Pamela D. Wilson, Signs of Dementia Checklist – Oct 2, 2019 — Special guest Dr. Jonathan Graff-Radford from the Mayo Clinic talks about the Risk Factors for Dementia.

WUSA 9, VERIFY: Can you get sick with the flu from the flu vaccine? by Eliana Block — Our Verify researchers went to the Mayo Clinic and the Centers for Disease Control and Prevention. They say, no, you cannot get the flu from the shot. While the various types of vaccines do contain the flu virus, it’s either inactive or uses a single gene of the virus; you can’t get the flu from either. So what’s with all the people tweeting that they’re feeling ill? Experts say it’s possible to experience flu-like symptoms from the shot. The most common include, soreness or redness at the injection sport, headache, fever or nausea.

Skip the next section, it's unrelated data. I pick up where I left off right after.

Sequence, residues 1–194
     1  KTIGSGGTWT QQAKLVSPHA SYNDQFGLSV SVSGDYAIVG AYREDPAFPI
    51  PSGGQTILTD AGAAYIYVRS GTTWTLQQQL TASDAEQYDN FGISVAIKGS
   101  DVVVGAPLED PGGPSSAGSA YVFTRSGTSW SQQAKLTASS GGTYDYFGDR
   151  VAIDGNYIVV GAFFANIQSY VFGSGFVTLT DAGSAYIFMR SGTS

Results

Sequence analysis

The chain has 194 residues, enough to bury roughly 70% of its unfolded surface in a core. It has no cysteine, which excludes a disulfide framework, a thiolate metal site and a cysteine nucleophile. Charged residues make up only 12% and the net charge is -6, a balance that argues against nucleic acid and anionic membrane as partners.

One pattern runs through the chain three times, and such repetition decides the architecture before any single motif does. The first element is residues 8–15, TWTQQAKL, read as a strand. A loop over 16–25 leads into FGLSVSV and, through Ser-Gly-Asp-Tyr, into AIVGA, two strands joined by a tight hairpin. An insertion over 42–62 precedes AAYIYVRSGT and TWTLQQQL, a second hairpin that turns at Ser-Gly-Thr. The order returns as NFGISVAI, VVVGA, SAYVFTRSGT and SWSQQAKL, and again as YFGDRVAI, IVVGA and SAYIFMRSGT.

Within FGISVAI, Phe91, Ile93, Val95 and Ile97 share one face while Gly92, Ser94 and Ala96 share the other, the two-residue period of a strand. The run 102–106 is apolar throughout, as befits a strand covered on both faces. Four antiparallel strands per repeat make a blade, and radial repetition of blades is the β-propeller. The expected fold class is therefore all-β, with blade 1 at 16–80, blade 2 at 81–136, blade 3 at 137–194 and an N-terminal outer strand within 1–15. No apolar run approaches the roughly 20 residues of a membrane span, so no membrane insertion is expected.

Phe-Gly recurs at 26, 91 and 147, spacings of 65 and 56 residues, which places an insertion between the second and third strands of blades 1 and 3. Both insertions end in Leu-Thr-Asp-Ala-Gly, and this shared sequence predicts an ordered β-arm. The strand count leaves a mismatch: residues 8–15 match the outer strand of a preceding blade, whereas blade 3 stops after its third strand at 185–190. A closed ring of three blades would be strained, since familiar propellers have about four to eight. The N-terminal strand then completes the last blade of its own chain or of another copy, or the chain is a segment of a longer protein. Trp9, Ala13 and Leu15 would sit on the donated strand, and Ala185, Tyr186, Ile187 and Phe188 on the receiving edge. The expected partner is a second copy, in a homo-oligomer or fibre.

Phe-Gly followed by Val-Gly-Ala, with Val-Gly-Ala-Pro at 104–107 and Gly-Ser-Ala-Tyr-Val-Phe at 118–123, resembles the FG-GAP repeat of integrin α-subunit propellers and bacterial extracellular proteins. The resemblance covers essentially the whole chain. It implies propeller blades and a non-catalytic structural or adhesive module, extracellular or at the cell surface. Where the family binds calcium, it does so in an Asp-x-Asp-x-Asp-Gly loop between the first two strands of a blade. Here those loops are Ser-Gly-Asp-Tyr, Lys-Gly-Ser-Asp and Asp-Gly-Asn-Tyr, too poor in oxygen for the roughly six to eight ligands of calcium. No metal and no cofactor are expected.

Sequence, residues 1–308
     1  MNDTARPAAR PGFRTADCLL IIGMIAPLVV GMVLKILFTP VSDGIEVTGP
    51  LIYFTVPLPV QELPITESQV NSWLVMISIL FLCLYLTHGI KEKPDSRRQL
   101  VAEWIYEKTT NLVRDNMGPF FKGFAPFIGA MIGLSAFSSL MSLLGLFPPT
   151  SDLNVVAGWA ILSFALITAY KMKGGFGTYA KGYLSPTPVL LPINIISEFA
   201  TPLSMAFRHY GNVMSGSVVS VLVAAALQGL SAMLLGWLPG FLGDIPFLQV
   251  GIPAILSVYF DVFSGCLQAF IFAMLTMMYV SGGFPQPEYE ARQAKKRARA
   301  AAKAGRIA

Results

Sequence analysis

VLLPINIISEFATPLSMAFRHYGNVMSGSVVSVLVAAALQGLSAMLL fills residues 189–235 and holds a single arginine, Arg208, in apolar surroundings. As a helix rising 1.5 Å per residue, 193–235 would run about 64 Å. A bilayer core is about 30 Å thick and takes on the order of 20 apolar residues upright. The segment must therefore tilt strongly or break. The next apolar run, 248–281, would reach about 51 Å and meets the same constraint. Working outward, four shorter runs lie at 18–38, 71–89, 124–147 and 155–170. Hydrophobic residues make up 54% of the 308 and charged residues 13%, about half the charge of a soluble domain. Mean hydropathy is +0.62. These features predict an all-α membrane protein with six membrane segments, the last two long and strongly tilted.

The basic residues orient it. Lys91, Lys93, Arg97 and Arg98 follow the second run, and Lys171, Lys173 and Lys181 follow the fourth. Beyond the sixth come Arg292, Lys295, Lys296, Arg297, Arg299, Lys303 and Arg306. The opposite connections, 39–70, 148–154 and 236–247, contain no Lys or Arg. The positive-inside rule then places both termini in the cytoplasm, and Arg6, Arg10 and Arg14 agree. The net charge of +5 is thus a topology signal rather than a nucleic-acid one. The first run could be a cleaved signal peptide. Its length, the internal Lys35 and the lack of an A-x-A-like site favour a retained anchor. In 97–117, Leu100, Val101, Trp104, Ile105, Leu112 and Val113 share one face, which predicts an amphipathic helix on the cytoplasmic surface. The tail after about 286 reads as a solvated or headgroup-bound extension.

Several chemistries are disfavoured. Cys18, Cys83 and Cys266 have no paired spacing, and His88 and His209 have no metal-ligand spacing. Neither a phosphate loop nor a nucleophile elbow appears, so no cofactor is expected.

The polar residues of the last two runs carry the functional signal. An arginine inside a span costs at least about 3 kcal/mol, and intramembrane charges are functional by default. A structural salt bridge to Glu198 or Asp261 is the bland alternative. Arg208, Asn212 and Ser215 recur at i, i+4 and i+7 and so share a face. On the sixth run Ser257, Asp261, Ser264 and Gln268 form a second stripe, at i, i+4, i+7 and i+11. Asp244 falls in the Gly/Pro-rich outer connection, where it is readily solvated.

FOX 2 St. Louis, Mayo Clinic: Vaping-associated lung injury may be caused by toxic chemical fumes — In just four years the use of e-cigarettes by teenagers has grown by nearly 50 percent.  The Mayo Clinic just finished the first study about the effects of vaping on the lungs. Dr. Karen Swanson discusses their findings.  She says that people should never inhale anything but air into their lungs.  The study concludes that vaping-associated lung injury may be caused by toxic chemical fumes.